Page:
A Beginner’s Guide to Taxation. Everything you need to know, from stampede allowances to VAT

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The fall statement was all about tax. But don’t stop reading – this article is unlike any other you have read on the subject, in that you will understand what we are talking about. Taxation can be a brain-melting topic – but it’s important to understand so you can spot the sneaky stuff Jeremy Hunt does with your money and take steps, if you wish, to pay less.

Income tax

When you make money you pay tax on earnings over £12,570. This is called income tax and is levied on wage income, pension income and rental income from property if you own it. It is billed at three rates: base rate, 20%; higher rate, 40%; additional rate, 45 percent.

Basic rate tax: Basic rate tax of 20% is levied on income between £12,571 and £50,270 in most parts of the UK (Scotland has a different system). About 80% of us – 27 million – are basic rate taxpayers.

Higher tax rate: About 5.5 million workers – or 17% of total taxpayers – are subject to a higher rate. This means they pay 40% tax on income over £50,270.

The number is expected to reach eight million by 2028, now that the Chancellor has kept tax thresholds frozen until 2028.

Additional tax rate: the additional rate of 45% is applied on taxable income over £125,140, ​​reduced by £150,000 in the return, in England, Wales and Northern Ireland. Only 1.8% of us paid this rate, but that will increase now that the threshold has been lowered.

In Scotland, which has the power to set its own income tax rates, it is broadly similar to the rest of the UK with a few extra thresholds thrown in for good measure: £12,571 to £14,732, 19%; £14,733 to £25,688, 20%; £25,689-£43,662, 21%; £43,663 to £150,000, 41%; £150,000+, 46%.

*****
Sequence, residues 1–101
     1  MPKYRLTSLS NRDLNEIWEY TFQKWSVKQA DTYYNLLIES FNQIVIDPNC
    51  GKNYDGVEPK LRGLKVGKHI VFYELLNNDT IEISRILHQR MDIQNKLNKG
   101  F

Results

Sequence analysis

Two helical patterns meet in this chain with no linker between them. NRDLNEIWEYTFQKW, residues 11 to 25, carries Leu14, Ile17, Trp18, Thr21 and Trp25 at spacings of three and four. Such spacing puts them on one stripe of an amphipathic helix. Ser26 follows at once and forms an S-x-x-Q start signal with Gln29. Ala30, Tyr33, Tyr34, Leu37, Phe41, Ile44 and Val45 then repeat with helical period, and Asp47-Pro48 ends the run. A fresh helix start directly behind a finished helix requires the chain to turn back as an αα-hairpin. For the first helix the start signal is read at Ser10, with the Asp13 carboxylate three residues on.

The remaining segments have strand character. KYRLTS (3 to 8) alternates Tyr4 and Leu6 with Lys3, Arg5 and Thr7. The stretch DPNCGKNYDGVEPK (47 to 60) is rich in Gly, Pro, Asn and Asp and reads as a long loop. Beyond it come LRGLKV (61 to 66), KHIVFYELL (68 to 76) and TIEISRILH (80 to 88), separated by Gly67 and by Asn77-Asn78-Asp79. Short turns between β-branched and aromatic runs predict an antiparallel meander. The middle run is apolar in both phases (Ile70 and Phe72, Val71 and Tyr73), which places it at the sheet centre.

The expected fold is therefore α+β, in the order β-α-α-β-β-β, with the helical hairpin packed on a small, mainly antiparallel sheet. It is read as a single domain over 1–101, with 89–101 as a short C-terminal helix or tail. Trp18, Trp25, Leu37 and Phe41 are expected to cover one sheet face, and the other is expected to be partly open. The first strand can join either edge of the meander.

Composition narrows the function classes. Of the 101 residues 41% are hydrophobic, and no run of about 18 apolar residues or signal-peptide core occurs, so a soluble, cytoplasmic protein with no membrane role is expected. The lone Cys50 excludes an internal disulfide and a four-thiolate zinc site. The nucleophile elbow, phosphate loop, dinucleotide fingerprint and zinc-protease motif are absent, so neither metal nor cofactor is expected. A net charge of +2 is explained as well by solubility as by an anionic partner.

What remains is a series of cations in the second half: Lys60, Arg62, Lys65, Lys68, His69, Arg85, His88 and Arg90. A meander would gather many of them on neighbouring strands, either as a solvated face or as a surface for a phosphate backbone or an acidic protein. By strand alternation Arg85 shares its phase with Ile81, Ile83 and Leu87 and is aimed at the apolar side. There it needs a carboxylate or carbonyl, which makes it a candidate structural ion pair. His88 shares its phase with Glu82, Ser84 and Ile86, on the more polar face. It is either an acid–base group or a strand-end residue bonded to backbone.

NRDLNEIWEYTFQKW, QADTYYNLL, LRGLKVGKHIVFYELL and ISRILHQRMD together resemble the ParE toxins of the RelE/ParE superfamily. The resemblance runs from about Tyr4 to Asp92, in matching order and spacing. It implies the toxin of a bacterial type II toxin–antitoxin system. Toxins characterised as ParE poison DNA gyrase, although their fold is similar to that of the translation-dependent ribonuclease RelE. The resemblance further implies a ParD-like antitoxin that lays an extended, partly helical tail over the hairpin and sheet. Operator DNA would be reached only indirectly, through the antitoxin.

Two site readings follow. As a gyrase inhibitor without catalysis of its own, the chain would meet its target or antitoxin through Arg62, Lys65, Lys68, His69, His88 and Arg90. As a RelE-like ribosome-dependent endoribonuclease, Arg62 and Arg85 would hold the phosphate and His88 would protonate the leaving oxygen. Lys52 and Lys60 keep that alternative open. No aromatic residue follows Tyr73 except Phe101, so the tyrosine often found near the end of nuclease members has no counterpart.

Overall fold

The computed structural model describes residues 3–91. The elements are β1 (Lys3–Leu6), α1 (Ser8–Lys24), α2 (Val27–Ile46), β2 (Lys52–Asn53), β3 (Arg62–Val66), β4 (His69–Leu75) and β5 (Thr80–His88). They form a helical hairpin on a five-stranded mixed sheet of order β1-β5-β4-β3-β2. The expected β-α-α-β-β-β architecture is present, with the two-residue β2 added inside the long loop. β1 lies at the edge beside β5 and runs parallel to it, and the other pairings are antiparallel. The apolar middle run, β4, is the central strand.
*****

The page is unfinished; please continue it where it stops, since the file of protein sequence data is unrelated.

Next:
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Natural Advantage

If you are employed and receive company benefits, such as a company car or discounted private health insurance, you will generally pay income tax on the value of the benefit. For example, if you have private health insurance worth £100 each month, you would pay a fee of £20 per month if you are a base rate taxpayer and £40 if a higher rate.

Allowance for the blind

An allowance of £2,600 is available for any registered blind person. It is paid in addition to the personal allowance, bringing the total amount a person can earn tax-free to £15,170.

This will rise in line with inflation of 10.1 percent next year.

If the income is below this threshold, the additional allowance can be transferred to a spouse or civil partner so that they can benefit from it in their place.

Corporation tax

Corporation tax is paid by corporations on the profits made by the business, after deducting expenses such as the purchase of shares and the employment of staff. Currently the corporate tax rate is 19%, but it will reach a maximum rate of 25% from April 2023 for those with annual profits over £250,000.